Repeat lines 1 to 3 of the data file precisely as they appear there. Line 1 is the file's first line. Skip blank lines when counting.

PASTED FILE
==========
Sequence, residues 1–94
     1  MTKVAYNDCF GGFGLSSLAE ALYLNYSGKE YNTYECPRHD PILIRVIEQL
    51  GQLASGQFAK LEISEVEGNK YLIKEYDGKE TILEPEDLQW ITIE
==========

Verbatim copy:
Sequence, residues 1–94
     1  MTKVAYNDCF GGFGLSSLAE ALYLNYSGKE YNTYECPRHD PILIRVIEQL
    51  GQLASGQFAK LEISEVEGNK YLIKEYDGKE TILEPEDLQW ITIE